How many readers is 40 hits a day?

To follow up on my previous post (“Is Finkelstein totally clueless about the Internet”) with real data, I examine the stats of the log files on my server.

Below is a table generated by the log file analyzer Awstats for the first 2 months of my server

Month Unique visitors Number of visits Pages Hits Bandwidth
Jan 2012 7,361 18,526 71,689 204,718 3.02 GB
Feb 2012 7,081 16,422 113,111 233,158 7.67 GB

You can see the number of hits for January and February is 205K and 233K respectively, and the number of visits is 19K and 16K, about 10% of the number of hits.

The number of unique visitors in each month, that is the number of unique IP addresses that views of the blog originate from is 7K, or about 40% of the number of visits. This would be the best indication of the number of possible readers of the blog.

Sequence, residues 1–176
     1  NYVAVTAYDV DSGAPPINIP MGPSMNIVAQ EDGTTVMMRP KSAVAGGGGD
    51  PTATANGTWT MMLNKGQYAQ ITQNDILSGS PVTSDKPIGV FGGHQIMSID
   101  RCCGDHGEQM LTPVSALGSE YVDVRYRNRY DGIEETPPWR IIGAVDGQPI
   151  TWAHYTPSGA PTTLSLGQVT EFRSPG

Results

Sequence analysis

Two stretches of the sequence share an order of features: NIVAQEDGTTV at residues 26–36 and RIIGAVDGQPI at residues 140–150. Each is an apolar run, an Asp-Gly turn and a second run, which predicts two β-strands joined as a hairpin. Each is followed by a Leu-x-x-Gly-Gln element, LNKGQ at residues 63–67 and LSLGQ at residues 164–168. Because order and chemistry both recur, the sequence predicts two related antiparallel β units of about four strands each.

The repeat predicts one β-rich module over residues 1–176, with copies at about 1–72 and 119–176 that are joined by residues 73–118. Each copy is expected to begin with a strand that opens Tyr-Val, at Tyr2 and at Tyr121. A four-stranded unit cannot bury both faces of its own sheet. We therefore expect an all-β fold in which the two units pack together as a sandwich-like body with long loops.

But this still exaggerates the number of readers, as many people land on the pages from search engines, recognise its not what they were looking for, and click away almost instantly – the ‘blink’ effect.

Below is a table of duration of visits, where it can be seen that 79% of visits last for less than 30 seconds.

Duration of Visit Number of visits Percent
0s-30s 1,322 79.4 %
30s-2mn 48 2.8 %
2mn-5mn 21 1.2 %
5mn-15mn 31 1.8 %
15mn-30mn 36 2.1 %
30mn-1h 46 2.7 %
1h+ 121 7.2 %
Unknown 39 2.3 %

Therefore the total number of effective readers per month on is approximately 0.1*0.4*0.2 = 0.008 or close to 1%. So my guesstimate from yesterday was pretty damn close. The ratios on other blogs may be a little different, but not so different as to matter.

Case closed your honor. Your proposal to regulate blogs with more than 15,000 hits per annum or 1250 hits per month would impact all blogs with more than 12.5 readers a month, or less than one per day.